The motivation to accept the challenge was based on the assumption that management skills and leadership behaviour can be developed through relevant training and expert guided experience and the conviction that willing and able non-managerial Black employees can and should be developed to move into management positions.

The aim of the study was therefore to develop and deliver a workable and sustainable method of adult education for the development and advancement of four black female supervisors to management positions, by:

Locating the programme in values of equality and justice with respect for human dignity;

Approaching adult education in such a way that the participants would be involved in their own learning experience;

Identifying the practical implications of introducing the innovation into a specific workplace and implementing the programme; and

Evaluating the programme, with particular reference to its relevance to the participants and their change in behaviour.

From the literature reviews discussed later in the study, there appeared to be a broad consensus that learning and organisational change require a range of development, training and learning approaches; that the traditional external course, while reasonably effective as a briefing device for promoting awareness, is poor at promoting behavioural and organisational change; that change is more likely to be achieved via techniques specifically aimed at particular learning targets related to the individual's practical tasks and experience; and that development, training and coaching should, when appropriate, take place as close to the work situation as possible.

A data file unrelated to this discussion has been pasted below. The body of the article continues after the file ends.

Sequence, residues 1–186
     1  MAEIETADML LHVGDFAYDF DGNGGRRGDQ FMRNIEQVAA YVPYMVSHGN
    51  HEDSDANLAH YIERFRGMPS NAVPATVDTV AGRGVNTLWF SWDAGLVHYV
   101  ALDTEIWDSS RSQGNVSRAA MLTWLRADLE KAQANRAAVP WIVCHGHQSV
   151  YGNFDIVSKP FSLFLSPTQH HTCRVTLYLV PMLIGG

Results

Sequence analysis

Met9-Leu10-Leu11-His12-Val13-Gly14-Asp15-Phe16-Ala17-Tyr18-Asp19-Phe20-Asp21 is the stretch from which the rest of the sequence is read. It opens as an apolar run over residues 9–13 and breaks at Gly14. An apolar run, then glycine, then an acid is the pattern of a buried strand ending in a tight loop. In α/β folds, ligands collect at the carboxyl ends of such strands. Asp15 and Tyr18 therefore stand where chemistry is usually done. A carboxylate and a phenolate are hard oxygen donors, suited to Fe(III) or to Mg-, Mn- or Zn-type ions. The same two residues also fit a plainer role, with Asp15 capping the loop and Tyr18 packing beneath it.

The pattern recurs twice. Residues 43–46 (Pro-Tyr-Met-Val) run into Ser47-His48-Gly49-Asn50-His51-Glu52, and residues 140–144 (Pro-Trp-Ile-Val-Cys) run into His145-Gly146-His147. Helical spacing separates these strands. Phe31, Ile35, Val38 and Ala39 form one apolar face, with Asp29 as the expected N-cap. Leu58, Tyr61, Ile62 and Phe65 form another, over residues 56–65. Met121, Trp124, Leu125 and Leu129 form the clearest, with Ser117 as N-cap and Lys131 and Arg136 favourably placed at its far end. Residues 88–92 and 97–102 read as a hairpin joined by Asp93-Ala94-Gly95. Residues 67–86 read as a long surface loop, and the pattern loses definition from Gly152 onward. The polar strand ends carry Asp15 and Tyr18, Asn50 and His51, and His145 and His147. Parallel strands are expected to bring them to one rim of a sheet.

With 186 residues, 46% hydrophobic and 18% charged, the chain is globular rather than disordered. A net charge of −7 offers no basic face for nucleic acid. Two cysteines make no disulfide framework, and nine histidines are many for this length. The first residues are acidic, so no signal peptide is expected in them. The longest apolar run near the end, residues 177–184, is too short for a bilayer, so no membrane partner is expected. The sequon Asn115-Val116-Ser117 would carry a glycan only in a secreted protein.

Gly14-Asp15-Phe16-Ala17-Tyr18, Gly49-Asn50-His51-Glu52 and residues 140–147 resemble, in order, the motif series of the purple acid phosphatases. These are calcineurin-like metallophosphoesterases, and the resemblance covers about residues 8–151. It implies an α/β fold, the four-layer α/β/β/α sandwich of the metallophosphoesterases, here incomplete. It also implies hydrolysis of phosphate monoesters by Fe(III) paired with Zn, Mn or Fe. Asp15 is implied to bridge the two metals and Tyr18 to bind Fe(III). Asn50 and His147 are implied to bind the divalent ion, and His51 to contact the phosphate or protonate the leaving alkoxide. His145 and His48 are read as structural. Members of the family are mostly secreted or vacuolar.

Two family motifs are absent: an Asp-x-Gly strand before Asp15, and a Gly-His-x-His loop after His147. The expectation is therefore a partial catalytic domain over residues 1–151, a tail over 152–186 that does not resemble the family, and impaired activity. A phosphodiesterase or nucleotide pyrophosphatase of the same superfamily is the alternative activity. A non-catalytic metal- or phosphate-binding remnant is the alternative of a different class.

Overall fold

This meant that for the innovation to succeed the company had to adapt and align itself both structurally and culturally to changing circumstances and new approaches, which resulted in the addition of the following criteria:

Involving the whole organisation in the process, using a systems approach, and addressing issues of socialisation, cultures, values, attitudes and perceptions.


The study was conducted in a manufacturing company in Gauteng, in South Africa. It is the most advanced metropolitan region in the country and the industrial hub. Although it covers less than two percent of South Africa's total land mass it contributes more than fifty percent of Gross Domestic Product and accommodates approximately one quarter of the total population (De Beer, 1990).

The town in which the factory was situated was populated by predominantly Afrikaans speaking White people and in 1994 was a Conservative Party stronghold. Until the early 90s a curfew bell was still sounded at 9pm every evening to ensure that the town remained 'White by night'.

The management education programme was implemented in a manufacturing organisation. It is a privately owned company that employed approximately eighty people and had a turnover in excess of five million Rand per annum in 1994. The manufacturing process is complicated and labour intensive with most stages of production requiring a skilled labour force.